Noise Suppression Help

Discussion in 'General Electronics Chat' started by Saintwithatie, Oct 2, 2012.

  1. Saintwithatie

    Thread Starter New Member

    Oct 2, 2012
    2
    0
    I recently designed a lighting and audio system for a bicycle powered by a 12V Lead Acid Battery. The problem I have is that the (cheap) amplifier picks up every little voltage transient caused by the other loads.

    After doing research and browsing the forums, I'm guessing that I'll need some form of transient suppression, probably capacitors. I just need help in determining the capacitance, voltage, and placement of the capacitors.

    [​IMG]
     
    Last edited: Oct 2, 2012
  2. crutschow

    Expert

    Mar 14, 2008
    13,009
    3,233
    You could try a large capacitor directly across the amplifer from power to ground with as short leads as possible. Try about a thousand μF, 16V or greater to start.

    If that doesn't work you might also try adding an inductor in series with the power to the amp, such as this in addition to the capacitor (series inductor, then capacitor).
     
  3. bountyhunter

    Well-Known Member

    Sep 7, 2009
    2,498
    507
    Definitely use some series inductance and as huge a cap as you can get. I don't think 1000uF is enough, I'd say more like 10k uF, but try it and see.

    NOTE: another source of noise is the ground lead. make sure the amp has a heavy ground lead that goes directly back to the negative post of the battery.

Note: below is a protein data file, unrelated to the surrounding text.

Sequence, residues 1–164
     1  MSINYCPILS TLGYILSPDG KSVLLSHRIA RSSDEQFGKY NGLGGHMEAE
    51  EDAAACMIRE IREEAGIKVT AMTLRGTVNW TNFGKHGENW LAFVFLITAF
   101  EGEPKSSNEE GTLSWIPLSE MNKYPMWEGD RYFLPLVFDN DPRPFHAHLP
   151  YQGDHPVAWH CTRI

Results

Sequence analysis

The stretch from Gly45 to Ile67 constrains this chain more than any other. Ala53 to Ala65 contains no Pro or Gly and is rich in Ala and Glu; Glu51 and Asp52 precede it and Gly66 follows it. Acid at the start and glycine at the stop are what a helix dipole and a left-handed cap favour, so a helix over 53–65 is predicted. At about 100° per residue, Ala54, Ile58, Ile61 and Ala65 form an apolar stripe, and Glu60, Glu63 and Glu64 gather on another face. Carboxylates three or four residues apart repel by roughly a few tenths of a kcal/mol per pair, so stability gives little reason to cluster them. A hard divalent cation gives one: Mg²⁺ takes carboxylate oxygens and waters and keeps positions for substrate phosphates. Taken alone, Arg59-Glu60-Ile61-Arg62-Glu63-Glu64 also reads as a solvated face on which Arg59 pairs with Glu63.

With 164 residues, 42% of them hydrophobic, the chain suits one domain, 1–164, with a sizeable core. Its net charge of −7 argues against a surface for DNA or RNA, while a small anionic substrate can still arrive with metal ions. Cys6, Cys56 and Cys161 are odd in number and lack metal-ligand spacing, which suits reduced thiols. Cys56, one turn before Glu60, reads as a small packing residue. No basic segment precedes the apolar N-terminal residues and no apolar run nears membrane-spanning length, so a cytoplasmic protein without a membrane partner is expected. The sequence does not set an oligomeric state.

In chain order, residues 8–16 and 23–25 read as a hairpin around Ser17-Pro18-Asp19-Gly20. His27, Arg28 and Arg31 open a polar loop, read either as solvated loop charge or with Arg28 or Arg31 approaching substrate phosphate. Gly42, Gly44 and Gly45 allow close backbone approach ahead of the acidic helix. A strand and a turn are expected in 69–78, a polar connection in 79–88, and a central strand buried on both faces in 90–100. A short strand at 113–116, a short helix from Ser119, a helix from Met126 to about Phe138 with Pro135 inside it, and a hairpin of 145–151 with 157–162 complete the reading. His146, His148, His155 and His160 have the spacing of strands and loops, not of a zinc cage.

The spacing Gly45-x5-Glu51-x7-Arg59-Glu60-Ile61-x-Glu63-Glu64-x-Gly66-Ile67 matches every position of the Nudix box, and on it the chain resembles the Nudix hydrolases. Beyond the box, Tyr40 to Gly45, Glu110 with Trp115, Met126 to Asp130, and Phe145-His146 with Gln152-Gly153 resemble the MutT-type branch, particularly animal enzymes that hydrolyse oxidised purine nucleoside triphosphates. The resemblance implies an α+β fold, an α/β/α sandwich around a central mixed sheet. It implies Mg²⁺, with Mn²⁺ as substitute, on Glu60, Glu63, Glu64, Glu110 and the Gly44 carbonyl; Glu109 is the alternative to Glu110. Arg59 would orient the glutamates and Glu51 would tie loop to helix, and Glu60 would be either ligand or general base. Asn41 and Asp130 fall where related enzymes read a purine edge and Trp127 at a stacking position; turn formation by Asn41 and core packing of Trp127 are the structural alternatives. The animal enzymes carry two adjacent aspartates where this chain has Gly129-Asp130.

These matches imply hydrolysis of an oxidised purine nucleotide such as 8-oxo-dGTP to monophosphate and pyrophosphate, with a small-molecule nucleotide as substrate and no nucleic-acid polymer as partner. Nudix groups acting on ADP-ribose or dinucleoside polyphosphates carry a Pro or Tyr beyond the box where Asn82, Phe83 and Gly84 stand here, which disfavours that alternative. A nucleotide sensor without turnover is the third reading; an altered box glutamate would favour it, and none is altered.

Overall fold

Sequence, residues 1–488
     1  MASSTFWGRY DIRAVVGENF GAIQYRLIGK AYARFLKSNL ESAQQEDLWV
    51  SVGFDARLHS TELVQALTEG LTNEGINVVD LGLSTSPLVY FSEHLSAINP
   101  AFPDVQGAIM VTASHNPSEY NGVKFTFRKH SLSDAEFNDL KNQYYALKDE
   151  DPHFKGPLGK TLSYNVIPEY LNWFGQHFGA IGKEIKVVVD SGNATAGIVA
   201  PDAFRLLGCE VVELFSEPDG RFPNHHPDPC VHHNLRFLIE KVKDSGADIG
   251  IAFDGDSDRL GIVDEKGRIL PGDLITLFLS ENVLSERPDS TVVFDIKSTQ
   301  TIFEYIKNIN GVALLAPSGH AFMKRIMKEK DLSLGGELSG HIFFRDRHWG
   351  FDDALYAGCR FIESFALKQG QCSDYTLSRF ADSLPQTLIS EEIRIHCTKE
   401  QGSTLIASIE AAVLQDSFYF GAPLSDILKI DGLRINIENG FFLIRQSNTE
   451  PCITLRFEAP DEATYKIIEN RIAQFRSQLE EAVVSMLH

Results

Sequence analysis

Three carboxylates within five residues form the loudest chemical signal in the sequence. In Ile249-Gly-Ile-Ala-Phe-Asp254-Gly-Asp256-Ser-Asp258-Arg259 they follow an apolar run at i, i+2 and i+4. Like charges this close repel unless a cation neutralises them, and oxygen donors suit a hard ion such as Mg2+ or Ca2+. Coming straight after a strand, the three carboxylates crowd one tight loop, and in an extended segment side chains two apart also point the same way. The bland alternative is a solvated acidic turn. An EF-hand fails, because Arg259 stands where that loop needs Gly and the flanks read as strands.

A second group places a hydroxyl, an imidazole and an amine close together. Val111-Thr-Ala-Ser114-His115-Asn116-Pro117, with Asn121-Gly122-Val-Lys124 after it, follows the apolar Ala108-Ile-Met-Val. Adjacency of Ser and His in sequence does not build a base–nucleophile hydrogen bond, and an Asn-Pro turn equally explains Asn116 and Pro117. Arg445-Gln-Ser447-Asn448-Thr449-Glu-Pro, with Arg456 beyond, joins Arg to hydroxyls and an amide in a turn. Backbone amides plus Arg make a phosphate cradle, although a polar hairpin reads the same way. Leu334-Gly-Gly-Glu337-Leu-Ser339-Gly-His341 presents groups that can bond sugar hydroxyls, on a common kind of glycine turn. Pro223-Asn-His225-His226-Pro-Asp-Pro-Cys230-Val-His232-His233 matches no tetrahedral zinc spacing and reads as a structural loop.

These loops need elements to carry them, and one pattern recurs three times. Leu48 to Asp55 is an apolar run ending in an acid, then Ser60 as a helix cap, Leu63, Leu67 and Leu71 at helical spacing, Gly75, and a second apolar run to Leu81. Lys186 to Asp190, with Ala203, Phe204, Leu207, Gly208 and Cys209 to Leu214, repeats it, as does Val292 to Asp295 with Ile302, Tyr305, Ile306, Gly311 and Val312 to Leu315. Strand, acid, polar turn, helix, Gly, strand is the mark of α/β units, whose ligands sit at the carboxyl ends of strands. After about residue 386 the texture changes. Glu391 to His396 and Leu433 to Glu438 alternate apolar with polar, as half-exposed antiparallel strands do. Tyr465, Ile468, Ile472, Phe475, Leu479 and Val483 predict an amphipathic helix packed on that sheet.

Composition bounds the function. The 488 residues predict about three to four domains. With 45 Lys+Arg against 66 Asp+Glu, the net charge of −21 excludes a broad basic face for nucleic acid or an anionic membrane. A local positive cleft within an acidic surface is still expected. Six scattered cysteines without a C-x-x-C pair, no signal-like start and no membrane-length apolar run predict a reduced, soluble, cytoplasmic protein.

4. Audioguru

    New Member

    Dec 20, 2007
    9,411
    896
    How can your audio amplifier produce a whopping 100W when its power supply voltage is only about 13.2V? A single-ended amplifier will clip at only 2W into 8 ohms or 3.6W into 4 ohms. If the amplifier is bridged then it clips at about 12W into 4 ohms.

    I think your amplifier is rated at 100 Whats, not 100 Watts. Maybe it is stereo with 50 Whats per channel.
     
  5. Saintwithatie

    Thread Starter New Member

    Oct 2, 2012
    2
    0
    Yes, it is 50W per channel, but the whole shebang only uses 6 watts at a comfortable listening level.

    I performed this test:

    I disconnected everything from the battery, then I only hooked up the amplifier directly to the battery terminals. No audio playing, volume set to half.

    Now, my tail light has 2 modes: strobe and solid. I set it to strobe and touched its leads to the battery terminals. When I did this, I could hear a oscillating hum corresponding to the pattern of the strobe being amplified through the speakers: http://vocaroo.com/i/s06A2cvD2zA5

    Keep in mind that the leads from both the tail light and the amp are stock (about 20 and 18 gauge, respectively) and are each less than a foot long.

    I have a a noise filter with 16 gauge leads that I disassembled to verify its contents being an inductance coil and a 16V 1000 uF cap. I tried putting it in-line with 1.) the strobe light, 2.) the amp, and 3.) both. In all placements it did nothing.
     
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